- WEB STARTUPS
- WEB JOBS
- ALL TOPICS
I just returned from my first trip to BarCampOrlando. Instead of boring you with the individual panel remarks, I decided to take the cynical approach.
Saturday at BarCampOrlando Developer Day started off decently. The usual cliques of the locals developed instantly, but I did not let that deter me. I tried to weasel my way into any conversation with comments that were sure not to make any of the developers angry. Things like “hey, this guy was telling me PHP is much better than Rails” and “Outsourcing Rules.” The kind of stuff that seems to help people want to be friends with me! If only Dale Carnegie knew how much I learned from his book! Here are some of the things that I learned from Developer Day:
- If you want your website to work, you have to be like Gary Vee
- British people sound so much better when presenting ideas, I am thinking about picking up one of those accents so people listen to me more seriously.
- Seems the only thing Rails and PHP guys get along about is heckling the .net guys during their meetings!
- One of the Panel speakers says the web will close again, since it is cyclical and we are currently in an open period
- Another Panel speaker said while twitter spends tons of money to make their site work better, we use our brains instead of money.
- Do not dress up when going to tech events, you stick out in a crowd and the guys dressed in flip flops and ripped shorts will comment to each other about how tacky you look
- The Antichrist of the internet is centralized corporate control.
- Data portability is for everyone but facebook.
Sunday started off with rain and only 1/3 the amount of people as Saturday. I guess developers have no interest in Media day. It seemed like the rain was more eventful than the topics being discussed. I do not think it is wise to start panels at 10:30am on a Sunday morning after the majority of the attendees were out partying the night before. Sometimes Guitar Hero and Rockband are too much for most tech guys in one evening! There were very few discussions to attend, and it seemed the free food was what most people were talking about. So all in all, it was a nice event, and I would certainly go back again next year. The only thing that will keep me from attending next year is if they use those cheap name tag stickers again, cause they stained my white shirt black!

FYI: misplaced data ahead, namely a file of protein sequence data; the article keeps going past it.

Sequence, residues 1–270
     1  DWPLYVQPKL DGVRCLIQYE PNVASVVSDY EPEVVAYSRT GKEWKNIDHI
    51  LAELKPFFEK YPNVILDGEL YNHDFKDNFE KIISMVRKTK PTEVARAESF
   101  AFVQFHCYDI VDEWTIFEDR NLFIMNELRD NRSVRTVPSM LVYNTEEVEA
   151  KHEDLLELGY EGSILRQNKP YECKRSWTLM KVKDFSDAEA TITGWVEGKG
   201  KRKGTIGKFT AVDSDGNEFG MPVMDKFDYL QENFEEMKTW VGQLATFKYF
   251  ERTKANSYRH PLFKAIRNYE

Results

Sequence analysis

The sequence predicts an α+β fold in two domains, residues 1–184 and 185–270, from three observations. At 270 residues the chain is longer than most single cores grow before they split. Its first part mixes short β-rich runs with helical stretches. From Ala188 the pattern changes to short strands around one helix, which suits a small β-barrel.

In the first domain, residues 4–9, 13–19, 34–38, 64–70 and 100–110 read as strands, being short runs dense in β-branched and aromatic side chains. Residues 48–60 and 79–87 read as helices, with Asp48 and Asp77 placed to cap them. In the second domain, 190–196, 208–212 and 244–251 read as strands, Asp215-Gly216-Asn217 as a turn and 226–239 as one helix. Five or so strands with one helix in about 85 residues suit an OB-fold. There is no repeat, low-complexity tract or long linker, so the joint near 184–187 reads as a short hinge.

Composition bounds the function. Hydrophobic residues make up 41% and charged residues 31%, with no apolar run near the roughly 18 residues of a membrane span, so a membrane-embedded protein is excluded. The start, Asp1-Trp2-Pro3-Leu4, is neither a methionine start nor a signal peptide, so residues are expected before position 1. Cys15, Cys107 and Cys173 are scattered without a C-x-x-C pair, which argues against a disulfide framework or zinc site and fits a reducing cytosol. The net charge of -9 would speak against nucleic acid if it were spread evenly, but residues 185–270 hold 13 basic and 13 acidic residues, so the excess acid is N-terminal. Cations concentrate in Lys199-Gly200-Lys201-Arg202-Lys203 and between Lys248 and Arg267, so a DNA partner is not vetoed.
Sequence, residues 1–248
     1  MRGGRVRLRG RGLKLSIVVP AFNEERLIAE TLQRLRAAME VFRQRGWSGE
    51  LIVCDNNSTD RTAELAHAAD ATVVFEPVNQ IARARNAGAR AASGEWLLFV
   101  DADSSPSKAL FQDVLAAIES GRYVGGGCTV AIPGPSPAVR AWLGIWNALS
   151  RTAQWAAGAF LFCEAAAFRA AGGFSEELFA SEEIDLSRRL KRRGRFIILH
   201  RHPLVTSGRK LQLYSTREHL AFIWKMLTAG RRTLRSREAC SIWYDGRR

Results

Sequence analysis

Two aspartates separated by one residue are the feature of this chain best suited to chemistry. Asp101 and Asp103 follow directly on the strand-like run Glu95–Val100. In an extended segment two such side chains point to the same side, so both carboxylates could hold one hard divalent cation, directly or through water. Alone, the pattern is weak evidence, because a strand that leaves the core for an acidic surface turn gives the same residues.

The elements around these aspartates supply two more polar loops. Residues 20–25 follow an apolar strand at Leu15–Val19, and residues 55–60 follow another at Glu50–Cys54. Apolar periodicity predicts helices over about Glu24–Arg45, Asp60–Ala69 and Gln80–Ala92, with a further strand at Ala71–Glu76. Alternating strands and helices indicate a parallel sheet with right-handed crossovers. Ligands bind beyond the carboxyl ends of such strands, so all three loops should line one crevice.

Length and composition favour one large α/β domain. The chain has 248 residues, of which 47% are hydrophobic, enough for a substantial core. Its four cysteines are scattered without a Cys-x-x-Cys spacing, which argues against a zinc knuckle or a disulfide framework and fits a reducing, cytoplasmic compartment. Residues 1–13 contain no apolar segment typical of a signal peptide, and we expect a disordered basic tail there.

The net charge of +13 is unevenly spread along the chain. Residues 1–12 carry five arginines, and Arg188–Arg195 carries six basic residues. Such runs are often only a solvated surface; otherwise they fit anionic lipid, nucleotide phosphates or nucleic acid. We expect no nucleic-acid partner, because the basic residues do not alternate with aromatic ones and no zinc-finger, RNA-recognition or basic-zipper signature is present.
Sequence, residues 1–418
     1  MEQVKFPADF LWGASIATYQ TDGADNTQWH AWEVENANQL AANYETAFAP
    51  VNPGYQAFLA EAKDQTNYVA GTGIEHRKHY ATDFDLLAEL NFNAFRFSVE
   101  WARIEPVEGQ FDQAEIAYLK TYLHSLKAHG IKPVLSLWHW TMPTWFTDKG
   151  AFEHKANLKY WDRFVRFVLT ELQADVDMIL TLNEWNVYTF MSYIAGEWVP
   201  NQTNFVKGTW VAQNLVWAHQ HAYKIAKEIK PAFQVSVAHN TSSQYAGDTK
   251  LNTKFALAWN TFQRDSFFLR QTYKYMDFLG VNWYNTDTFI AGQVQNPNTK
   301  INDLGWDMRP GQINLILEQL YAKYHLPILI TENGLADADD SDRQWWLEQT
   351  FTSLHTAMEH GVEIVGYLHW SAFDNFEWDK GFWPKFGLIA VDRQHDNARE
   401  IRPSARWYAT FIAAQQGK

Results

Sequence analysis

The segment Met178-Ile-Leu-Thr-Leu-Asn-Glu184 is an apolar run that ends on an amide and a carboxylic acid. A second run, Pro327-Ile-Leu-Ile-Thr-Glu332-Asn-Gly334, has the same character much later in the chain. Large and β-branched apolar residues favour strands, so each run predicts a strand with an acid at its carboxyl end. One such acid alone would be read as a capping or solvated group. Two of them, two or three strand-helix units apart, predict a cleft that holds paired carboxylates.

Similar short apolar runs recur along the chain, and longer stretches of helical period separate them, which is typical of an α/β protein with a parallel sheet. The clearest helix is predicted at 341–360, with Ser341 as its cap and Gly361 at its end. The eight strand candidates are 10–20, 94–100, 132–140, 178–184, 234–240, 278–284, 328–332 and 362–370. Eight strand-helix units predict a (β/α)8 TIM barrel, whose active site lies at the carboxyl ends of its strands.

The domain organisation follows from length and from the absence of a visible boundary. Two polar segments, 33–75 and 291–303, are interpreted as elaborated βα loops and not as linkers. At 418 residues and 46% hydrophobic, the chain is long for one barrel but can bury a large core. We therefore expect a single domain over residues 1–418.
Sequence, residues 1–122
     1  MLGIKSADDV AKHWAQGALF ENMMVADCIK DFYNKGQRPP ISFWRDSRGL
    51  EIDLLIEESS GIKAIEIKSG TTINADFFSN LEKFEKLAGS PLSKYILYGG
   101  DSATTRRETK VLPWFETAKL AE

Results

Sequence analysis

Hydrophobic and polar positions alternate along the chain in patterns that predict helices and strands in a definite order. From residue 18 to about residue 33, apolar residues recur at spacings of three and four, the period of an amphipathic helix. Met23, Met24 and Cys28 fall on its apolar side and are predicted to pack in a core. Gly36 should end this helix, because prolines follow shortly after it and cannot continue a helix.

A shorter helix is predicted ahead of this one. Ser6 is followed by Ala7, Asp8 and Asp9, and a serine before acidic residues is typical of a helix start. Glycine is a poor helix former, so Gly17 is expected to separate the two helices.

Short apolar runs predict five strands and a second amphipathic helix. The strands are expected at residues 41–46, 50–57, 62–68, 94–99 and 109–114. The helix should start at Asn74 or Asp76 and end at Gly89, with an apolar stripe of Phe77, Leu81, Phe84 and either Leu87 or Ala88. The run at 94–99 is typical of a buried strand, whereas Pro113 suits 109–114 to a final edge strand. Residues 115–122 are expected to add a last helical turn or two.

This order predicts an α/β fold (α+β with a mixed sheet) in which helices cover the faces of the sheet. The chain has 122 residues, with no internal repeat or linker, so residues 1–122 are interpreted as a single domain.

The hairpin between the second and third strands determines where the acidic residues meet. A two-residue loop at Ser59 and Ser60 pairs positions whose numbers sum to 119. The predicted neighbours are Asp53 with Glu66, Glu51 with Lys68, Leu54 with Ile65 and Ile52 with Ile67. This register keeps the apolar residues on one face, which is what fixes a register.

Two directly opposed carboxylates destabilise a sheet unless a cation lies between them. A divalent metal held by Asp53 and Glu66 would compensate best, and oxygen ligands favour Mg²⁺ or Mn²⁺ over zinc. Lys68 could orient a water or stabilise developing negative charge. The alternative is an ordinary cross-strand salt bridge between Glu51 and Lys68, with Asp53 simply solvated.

This conference recap was provided by Craig Agranofff. Craig is the Site Czar of VOIS, a publicly traded global social networking community.
Today is BarCampNYC in Brooklyn and I will be attempting to do some live interviews and coverage during the day. If you are at the event and would like to contribute your videos to the kyte channel below, send me an email for the instructions. Until I actually make it to the location, the player below will be blank. First videos should be live by 11:30AM Eastern. I can’t guarantee this works as it is our first time using Kyte for this purpose, but we will give it ye olde college try. I will update this post during the day with video updates.
BarCampNYC3 is coming to Brooklyn on March 15 and 16th. Over 120 people are already registered for the event and there is no cost to attend. There will be hundreds of choices in sessions for you to select from. As the event approaches, we will have more event info and suggestions.
I will be there and will most likely offer several sessions including one for startups on how to effectively reach out to bloggers and the media.
The organizing committee has put out a call for donations. There are many reasons to donate and any amount is very much appreciated (the amount cannot exceed $500). They are also seeking schwag to give away. Donate today »
In any case, see you at BarCampNYC3!
What is BarCamp, you ask?
"BarCamp is an ad-hoc gathering born from the desire for people to share and learn in an open environment. It is an intense event with discussions, demos, and interaction from attendees. The event doesn’t cost any money, but there is a price: all attendees must give a demo, a session, or help with one."
To get more information about the event, and to REGISTER, visit:
**Calling all sponsors!**
An important element of BarCamp is the community side of sponsorships. Instead of being hostage to big sponsorship dollars, BarCamp gets the community involved by asking local companies to donate no more than $500 to the event (this covers university security, breakfast, and t-shirts (in that order ;-P).
To learn more about sponsorship, head to:
They are looking for volunteers to help – you know CN will be involved!